Pizza at Home with a Stellar Salad Class–No Special Equipment Needed


I’m not the best pizza maker in the family; that honor goes to my son Sean, who makes the most delicious pizza I’ve ever eaten.  Since pizza is my favorite food, that’s saying a lot.  So if I can make good pizza at home, anyone can. I’ve taught or made pizza to and with a few folks including parents and kids over the years and they, in turn, have made it with family and friends as it’s a fun group project. It’s simple for the solo cook as well. I made the first grilled pizza I ever saw back in the mid ’80s.  And you? Always wanted to make pizza? Frightened off by words like yeast or wood-fire?  Have an oven and a rimmed sheet pan?  You’re in business, about to eat well, and this post is for you!

Food and health guru, writer Michael Pollan is fond of saying,

“Eat all the junk food you want as long as you cook it yourself.”

While pizza isn’t exactly junk food as it’s often full of good things, it is highly caloric for the nutrition available. It’s also really easy to chow down on it.  If you make it yourself, you’ll be careful about how much you eat because you had to make it! Try making the salad first and eating it while the pizza bakes. You’ll eat less pizza.  Do include the kids: get them in on the baking; they love to make pizza and you’ll add a great skill to their arsenal of abilities. To say nothing of the positive memories.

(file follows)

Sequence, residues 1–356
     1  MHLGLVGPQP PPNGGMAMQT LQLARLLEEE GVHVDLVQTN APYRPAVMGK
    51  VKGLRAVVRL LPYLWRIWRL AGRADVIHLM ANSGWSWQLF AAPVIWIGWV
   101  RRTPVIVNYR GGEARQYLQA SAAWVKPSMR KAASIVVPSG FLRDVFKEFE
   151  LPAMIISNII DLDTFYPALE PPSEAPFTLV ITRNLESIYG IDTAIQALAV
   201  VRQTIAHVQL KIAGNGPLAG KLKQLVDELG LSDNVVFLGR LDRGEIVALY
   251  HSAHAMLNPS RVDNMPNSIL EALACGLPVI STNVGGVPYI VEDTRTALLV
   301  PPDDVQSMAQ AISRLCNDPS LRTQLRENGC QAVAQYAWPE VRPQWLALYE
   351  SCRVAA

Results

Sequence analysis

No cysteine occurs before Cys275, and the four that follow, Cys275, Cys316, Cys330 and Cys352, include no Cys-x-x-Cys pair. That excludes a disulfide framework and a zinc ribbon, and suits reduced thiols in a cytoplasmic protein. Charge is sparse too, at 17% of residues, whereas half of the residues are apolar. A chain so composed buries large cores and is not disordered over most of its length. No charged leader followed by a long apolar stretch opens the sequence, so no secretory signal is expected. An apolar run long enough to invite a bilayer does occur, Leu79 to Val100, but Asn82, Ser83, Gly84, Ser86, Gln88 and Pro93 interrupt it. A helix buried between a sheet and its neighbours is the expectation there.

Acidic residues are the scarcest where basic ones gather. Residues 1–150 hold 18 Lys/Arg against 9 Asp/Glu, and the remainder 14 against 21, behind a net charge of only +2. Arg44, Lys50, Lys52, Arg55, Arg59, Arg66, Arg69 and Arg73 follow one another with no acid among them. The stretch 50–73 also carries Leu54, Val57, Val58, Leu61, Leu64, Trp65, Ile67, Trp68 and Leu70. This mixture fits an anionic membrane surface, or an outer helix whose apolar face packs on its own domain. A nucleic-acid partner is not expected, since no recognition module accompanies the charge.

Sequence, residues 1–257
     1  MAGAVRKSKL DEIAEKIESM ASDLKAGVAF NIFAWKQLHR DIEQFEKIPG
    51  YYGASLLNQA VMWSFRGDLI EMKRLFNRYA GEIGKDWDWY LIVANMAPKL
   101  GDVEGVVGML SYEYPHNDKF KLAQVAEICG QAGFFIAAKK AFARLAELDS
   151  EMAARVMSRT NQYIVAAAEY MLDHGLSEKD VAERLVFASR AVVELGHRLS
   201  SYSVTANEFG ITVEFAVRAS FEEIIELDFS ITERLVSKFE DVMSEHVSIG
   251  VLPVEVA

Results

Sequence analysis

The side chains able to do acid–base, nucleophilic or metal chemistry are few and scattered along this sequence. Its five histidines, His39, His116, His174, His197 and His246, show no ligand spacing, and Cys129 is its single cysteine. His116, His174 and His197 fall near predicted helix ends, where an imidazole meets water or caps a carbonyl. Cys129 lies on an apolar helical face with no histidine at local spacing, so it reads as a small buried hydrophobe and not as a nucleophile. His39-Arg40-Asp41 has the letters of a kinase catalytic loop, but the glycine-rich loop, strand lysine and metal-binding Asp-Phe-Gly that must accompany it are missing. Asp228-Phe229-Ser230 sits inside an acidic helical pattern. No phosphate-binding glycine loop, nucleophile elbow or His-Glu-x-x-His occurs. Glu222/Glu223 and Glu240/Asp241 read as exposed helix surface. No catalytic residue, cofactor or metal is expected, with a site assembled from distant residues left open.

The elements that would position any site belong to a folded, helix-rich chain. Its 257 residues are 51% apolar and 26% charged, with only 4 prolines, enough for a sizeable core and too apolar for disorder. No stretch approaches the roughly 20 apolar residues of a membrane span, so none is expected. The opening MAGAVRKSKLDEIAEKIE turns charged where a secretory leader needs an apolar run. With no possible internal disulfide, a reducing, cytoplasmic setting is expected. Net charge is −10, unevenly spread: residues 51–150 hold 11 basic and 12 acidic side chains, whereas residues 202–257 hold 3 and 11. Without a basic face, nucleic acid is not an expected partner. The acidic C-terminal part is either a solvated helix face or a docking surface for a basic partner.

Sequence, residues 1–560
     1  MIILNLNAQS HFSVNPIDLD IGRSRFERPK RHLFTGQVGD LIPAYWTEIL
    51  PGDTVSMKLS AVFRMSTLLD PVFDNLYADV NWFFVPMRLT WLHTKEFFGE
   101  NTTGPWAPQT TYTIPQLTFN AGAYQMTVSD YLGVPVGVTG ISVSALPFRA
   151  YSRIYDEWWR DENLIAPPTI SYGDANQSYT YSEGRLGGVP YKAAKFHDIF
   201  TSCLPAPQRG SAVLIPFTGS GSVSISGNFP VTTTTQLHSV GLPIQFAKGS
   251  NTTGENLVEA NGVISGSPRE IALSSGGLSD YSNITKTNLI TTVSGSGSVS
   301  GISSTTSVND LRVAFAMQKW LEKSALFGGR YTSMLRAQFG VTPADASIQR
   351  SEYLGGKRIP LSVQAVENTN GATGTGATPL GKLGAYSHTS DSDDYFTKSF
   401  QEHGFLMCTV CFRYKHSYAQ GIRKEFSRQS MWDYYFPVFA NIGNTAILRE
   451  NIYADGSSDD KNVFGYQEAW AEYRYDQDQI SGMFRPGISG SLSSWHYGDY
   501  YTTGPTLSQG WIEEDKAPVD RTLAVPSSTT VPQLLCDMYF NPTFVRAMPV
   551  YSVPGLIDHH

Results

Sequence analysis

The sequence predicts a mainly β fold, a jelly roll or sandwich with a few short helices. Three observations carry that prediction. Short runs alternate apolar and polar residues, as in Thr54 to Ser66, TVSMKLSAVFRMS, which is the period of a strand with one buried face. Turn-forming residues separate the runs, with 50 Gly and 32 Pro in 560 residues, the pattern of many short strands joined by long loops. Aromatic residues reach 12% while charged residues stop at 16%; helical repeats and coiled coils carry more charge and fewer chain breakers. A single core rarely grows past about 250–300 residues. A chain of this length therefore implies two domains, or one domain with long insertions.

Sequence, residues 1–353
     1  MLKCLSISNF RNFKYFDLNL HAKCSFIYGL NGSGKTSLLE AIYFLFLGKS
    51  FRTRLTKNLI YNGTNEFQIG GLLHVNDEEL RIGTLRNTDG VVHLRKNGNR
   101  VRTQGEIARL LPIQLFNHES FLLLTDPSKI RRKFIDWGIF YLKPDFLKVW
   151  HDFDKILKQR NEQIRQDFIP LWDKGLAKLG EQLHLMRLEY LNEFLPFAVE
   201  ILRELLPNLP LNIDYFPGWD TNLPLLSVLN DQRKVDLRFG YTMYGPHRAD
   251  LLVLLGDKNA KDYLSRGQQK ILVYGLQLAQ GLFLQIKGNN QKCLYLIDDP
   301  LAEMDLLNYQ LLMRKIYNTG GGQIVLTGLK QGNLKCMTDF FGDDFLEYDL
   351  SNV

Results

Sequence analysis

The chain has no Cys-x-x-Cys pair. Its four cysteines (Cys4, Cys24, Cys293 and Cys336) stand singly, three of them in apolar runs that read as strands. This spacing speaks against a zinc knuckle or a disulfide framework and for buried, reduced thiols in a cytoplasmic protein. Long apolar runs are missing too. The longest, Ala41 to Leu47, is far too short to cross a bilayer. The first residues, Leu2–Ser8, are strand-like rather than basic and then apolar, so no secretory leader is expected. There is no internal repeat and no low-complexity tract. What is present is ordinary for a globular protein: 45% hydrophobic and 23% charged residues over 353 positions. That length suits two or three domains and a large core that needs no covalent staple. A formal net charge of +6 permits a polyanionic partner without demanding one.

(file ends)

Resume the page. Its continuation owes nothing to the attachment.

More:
This pizza, based on a Tyler Florence recipe, makes 12 or 15 pieces –enough for 4 to 6 people–and goes from start of dough to ready-to-eat in about an hour and a half.  Maybe less.  The dough recipe makes enough for two pizzas, so you could be prepping a second while the first bakes if you have a crowd.  It uses no special equipment like a pizza stone or pizza peel. In fact, if you don’t have a pizza cutter (the little gizmo handle with a spiffy wheel at the end), you are not in trouble; a knife works fine and perhaps better. You’ll need a large bowl, measuring cups and spoons, a saucepan, a jellyroll or half-sheet pan (2 for $8.99 at COSTCO), and a stove with an oven.  If you have  a standing electric mixer like a Kitchen Aid, that will help make the dough, but if not, your hands and arms will work just as well and you won’t have to lift weights that day. I give directions for both methods. You can also pick up fresh dough from your local pizza place or the grocery store (check refrigerated section), but it’s just as fast and much cheaper to make it.

If you’re not in tonight’s class, try this at home and join us that way:

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